Most of us love cute, adorable little babies. Some of us dream of the day we will have our own child, and the emotional moment in the hospital when you hold your own baby in your arms. I recently saw an article that related to babies right after they were born, and a study shows that delaying the cutting of the umbilical cord can actually benefit the baby.
Research has found that delaying the clamping can increase fine-motor skills and social scores in children once they reach the age of 4. A study was done in a hospital in Sweden to see the effects that delayed clamping of the cord can have long term. 263 children took IQ tests, and participated in other assessments dealing with behavior and development. 141 children had delayed clamping, which was considered to be 3 minutes after birth or more. While 122 children had early clamping, which was 10 seconds or left after birth.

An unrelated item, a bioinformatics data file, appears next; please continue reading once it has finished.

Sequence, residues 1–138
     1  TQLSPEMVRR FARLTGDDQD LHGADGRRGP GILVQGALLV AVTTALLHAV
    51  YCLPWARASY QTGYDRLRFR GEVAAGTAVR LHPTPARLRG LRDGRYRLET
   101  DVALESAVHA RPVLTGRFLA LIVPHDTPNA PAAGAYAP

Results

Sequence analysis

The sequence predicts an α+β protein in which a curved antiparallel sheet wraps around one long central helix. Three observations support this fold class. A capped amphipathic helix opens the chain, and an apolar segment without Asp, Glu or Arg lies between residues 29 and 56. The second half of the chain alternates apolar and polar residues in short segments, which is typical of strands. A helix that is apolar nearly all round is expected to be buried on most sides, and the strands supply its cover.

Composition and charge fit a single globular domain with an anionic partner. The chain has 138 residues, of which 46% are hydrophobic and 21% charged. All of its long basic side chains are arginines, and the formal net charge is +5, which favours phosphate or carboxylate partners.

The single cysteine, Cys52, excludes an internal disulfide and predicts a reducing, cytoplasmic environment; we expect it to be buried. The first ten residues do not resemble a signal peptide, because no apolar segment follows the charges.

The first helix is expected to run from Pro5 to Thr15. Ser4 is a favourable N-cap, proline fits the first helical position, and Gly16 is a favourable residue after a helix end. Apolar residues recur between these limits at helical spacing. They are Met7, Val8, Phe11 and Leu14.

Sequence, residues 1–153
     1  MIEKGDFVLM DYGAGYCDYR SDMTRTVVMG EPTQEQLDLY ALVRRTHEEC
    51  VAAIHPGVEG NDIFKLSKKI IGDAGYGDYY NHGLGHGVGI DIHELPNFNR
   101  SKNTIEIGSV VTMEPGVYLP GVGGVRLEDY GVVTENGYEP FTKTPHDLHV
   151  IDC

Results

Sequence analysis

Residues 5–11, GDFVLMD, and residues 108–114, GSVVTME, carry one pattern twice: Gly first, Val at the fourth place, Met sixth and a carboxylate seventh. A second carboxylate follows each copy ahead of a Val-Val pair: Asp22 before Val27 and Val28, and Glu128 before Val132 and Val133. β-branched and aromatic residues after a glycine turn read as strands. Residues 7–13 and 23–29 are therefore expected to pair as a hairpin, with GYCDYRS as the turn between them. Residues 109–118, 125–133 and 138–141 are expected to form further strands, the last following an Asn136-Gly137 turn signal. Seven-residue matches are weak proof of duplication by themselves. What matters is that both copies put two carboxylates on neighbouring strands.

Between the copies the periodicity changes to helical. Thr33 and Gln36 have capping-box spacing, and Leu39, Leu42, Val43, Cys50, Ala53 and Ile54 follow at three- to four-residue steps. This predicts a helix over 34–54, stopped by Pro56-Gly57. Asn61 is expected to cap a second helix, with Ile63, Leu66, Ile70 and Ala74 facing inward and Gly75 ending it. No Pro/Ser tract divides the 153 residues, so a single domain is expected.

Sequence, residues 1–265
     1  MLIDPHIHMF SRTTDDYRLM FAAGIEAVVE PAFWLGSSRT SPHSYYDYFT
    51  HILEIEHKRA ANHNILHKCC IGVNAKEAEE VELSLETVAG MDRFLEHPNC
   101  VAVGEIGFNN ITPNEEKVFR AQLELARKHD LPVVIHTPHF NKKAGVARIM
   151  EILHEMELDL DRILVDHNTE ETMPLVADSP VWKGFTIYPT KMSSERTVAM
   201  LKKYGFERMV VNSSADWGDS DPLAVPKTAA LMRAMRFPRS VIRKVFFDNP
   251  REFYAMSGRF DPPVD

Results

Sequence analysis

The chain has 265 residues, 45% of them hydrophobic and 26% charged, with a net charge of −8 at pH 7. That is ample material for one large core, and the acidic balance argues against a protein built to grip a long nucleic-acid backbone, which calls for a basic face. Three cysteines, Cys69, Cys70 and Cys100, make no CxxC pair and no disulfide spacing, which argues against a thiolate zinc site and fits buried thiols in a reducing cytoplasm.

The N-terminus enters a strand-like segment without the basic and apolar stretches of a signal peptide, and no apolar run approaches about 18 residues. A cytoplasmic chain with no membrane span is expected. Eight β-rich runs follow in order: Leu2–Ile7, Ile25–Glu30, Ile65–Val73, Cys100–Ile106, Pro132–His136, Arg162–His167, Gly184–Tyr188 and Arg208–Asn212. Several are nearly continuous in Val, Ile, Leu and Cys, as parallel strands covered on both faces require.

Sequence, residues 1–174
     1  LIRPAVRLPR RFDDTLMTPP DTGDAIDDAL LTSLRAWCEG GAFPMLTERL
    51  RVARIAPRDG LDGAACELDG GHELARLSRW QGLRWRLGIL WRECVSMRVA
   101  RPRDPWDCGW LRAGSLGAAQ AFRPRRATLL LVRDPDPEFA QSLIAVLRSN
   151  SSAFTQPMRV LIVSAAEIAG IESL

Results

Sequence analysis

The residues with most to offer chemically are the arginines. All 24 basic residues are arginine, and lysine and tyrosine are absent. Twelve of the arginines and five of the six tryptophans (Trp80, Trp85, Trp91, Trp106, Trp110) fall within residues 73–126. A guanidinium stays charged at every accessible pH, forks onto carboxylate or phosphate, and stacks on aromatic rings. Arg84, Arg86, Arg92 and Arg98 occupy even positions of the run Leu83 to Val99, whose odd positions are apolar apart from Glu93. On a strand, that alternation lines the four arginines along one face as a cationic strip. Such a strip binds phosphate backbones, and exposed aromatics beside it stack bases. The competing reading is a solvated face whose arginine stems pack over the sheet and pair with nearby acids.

The IQ test didn’t show much variation in the results between the early and late clamping. Instead, an observation was made that involved the immature pencil grip of the kids. This immature grip was found less in the delayed cord group. This delayed cord group also performed better in the assessments involving motor skills and social skills.
Although the study doesn’t have the medical reason behind the link, there is a correlation between delayed clamping and an increase in skills. Another study was done that showed the benefits of delayed clamping when it comes to congenital heart disease. Infants here didn’t need as many red blood cell transfusions as the early clamping infants. Apparently the delay in time of clamping gives the baby a higher blood volume, which most likely improves the flow of blood in the infant. This could be beneficial to those with the heart disease.
Further research and studies should be done to find the connection between the late clamping and benefits. Although there is an apparent connection, it would be good to try more studies to improve the validity of the theory. Maybe sometime in the future all babies will have their cord cut later than usual, as their mother waits anxiously to hold her newborn baby.